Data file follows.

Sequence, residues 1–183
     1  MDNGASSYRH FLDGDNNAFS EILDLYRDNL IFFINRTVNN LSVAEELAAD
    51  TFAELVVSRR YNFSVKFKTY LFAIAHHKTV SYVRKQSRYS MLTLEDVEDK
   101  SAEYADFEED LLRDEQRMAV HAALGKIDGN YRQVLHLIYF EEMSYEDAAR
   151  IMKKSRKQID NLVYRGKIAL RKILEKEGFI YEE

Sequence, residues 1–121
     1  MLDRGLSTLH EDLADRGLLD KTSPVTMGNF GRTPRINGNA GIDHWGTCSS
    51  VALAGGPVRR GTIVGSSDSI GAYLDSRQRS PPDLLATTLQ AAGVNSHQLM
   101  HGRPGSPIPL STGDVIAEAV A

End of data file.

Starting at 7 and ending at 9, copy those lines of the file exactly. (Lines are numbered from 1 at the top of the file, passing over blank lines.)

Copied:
     1  MLDRGLSTLH EDLADRGLLD KTSPVTMGNF GRTPRINGNA GIDHWGTCSS
    51  VALAGGPVRR GTIVGSSDSI GAYLDSRQRS PPDLLATTLQ AAGVNSHQLM
   101  HGRPGSPIPL STGDVIAEAV A